Alternatives to petrol and diesel cars

Buying a car isn’t just a straight choice between petrol or diesel anymore. If you’re looking for an environmentally-friendly car your options now include petrol and diesel hybrids, electric cars and a range of other alternative fuels. Here you can learn more about your options and discover the advantages and disadvantages of them.

The rise of alternatively fuelled cars

Did you know?

Financial grants are available to help you buy an electric car or van. Find more information on the website.

Nearly all cars and vehicles already on the road are powered by traditional petrol or diesel engines, but this is all changing.

According to the Society of Motor Manufacturers and Traders (SMMT), 32,727 hybrid and electric plug-in cars were registered in the UK in 2013 – an increase of 17.5% on 2012 figures.

Most of these cars were hybrids or plug-in hybrids.

However, sales of all-electric cars such as Britain’s best-seller, the Nissan Leaf, almost doubled between 2012 and 2013.

Your options explained

A ‘pure’ electric vehicle is powered by an electric motor.

Examples include the:

  • Nissan Leaf,
  • Renault Zoe,
  • Peugeot iOn,
  • Citroen C-Zero,
  • Mitsubishi i-Miev.

A hybrid car combines a conventional petrol or diesel internal combustion engine with an electric motor.

Different manufacturers have different systems. In some, each of the power sources can drive the car separately or they can work together.

In others, a small conventional engine is boosted by an electric motor when required or acts as a generator to charge the battery pack.

Examples of hybrid cars include the:

  • Toyota Prius;
  • Honda Insight; and
  • Peugeot 3008 Hybrid4.

A plug-in hybrid car combines a petrol or diesel engine with an electric motor powered by a mains rechargeable battery.

This battery is smaller than a pure electric car battery and drives the wheels at low speeds or for a limited range.

When it runs out, the car is powered by its conventional engine.

With some manufacturer’s plug-in hybrids, the engine also recharges the battery and the electric motor can also be used to boost the conventional engine’s performance.

Examples of plug-in hybrid cars include the:

  • Toyota Prius Plug-in,
  • Volvo V60 Plug-in Hybrid, and
  • Porsche Panamera S E-Hybrid.

Hydrogen fuel cell cars, which produce no emissions other than water vapour, will start to be on sale in 2015.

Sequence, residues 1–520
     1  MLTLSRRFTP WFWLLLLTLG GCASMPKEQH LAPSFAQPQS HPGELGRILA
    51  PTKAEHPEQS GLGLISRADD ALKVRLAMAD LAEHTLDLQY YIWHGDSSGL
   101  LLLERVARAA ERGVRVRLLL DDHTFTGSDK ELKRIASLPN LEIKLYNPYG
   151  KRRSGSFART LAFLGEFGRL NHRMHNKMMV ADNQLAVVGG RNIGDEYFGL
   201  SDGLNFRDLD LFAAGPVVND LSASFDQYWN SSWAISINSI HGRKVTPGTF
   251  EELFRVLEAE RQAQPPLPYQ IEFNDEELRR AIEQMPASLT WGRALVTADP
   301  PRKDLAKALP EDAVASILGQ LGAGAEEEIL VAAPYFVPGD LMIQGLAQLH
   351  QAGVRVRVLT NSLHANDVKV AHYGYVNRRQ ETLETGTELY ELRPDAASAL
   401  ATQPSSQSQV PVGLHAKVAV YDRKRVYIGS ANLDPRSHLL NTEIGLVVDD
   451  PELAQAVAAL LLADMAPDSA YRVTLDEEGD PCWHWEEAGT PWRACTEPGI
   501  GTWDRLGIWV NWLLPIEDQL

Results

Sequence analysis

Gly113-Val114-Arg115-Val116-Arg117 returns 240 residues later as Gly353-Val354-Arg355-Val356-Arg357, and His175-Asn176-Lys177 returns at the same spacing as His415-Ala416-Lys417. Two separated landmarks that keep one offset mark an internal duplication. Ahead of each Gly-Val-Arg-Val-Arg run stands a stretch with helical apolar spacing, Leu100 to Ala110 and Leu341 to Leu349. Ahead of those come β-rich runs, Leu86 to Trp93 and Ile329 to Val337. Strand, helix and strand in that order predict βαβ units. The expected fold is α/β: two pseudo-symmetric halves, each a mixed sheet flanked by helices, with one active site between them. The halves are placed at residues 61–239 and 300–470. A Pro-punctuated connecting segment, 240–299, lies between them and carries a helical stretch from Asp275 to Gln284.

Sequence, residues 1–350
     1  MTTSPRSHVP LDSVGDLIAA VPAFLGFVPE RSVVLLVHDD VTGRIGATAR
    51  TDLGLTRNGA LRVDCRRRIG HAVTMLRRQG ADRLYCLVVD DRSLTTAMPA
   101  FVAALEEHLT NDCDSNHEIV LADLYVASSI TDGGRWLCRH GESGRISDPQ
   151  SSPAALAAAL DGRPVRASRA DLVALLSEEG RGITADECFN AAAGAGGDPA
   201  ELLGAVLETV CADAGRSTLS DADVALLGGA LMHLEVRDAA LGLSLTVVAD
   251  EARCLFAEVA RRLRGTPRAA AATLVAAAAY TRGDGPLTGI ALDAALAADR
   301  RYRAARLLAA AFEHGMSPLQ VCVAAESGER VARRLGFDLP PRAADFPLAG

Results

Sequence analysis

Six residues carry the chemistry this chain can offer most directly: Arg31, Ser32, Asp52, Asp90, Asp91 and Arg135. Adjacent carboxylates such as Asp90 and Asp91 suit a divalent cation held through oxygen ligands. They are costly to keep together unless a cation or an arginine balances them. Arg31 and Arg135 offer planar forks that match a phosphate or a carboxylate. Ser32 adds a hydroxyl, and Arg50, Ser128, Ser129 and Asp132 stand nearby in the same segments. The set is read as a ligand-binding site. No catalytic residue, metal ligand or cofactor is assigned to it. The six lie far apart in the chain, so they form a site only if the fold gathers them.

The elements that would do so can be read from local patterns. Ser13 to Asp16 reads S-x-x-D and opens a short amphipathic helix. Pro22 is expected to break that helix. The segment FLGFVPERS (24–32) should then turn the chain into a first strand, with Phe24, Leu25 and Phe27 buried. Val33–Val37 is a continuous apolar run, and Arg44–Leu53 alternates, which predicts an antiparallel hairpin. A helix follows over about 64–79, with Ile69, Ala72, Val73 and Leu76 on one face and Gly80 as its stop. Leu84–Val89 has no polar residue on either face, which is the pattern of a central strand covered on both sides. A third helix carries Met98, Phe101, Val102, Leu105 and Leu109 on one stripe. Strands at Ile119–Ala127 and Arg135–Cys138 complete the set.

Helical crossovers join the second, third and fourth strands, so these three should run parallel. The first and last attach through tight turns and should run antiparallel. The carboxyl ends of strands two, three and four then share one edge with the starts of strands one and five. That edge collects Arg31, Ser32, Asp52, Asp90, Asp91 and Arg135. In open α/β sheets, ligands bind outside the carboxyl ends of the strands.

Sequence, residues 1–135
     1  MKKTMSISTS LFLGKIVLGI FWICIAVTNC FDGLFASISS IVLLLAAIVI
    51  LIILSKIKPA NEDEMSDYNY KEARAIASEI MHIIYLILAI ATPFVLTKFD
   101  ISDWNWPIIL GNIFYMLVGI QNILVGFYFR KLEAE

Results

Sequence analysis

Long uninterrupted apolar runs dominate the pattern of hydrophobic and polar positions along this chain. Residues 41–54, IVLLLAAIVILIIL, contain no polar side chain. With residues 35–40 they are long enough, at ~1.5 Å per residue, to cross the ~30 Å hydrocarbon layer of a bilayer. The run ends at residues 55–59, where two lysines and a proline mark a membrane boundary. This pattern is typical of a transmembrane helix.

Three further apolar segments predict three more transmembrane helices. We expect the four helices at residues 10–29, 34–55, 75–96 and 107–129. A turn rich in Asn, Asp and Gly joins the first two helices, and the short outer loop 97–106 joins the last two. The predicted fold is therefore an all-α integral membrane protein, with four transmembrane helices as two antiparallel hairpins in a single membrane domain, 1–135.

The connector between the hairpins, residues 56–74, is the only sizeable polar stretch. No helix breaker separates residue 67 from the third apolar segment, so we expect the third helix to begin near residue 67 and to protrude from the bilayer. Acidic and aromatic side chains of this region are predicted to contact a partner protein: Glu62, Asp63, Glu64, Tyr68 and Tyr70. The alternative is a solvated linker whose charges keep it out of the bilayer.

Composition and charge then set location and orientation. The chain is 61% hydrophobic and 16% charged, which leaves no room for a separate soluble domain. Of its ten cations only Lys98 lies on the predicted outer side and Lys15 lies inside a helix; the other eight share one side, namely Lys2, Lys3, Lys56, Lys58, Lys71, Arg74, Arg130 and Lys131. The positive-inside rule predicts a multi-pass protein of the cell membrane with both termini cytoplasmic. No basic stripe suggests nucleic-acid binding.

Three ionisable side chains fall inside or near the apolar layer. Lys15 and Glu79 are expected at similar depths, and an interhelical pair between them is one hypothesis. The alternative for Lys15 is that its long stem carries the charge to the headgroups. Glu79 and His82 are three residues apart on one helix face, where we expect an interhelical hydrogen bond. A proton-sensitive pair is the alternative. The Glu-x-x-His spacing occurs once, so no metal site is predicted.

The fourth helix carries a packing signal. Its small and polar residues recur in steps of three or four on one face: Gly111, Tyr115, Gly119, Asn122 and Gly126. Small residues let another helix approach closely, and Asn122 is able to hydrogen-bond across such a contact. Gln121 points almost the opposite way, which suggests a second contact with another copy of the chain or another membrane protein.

Toyota first H2 car promises a 300-mile range, 0-60mph in 10 seconds and hydrogen tank refuelling of 3-5 minutes.

Honda and Hyundai also have launches in the pipeline.

More charge points for electric and plug-in hybrid cars

To promote the benefits of electric and plug-in hybrid cars, the Government has launched the Go Ultra Low campaign.

It has also promised £9 million to install more rapid charge-points, so drivers can power up while out and about.

Find out more, including your nearest charge-points, at the Go Ultra Low website.

Converting your car to liquid petroleum gas


If you take your car abroad remember LPG powered vehicles are not allowed through the Channel Tunnel. You’ll have to use a cross-channel ferry instead.

Liquid petroleum gas (LPG) is currently half the cost of petrol. Cars with petrol engines, and even some diesels, can be converted to run on it.

However, converting a car to LPG can cost up to £2,000 and the unit takes up boot space.

But LPG fans estimate you can recoup the cost of conversion in a year if you drive around 12,000 miles per year.

LPG is not as commonly available at service stations as other types of fuel.

Converting your car to vegetable oil and biodiesel fuel

Vegetable oil and biodiesel fuel are cheaper and more environmentally friendly than petrol or diesel.

If you have a diesel car it might be possible to convert the engine to run on vegetable oil and biodiesel fuel.

But doing this will almost certainly invalidate any warranties you have on your car, and possibly make it difficult to sell.

Your next step

Did you find this guide helpful?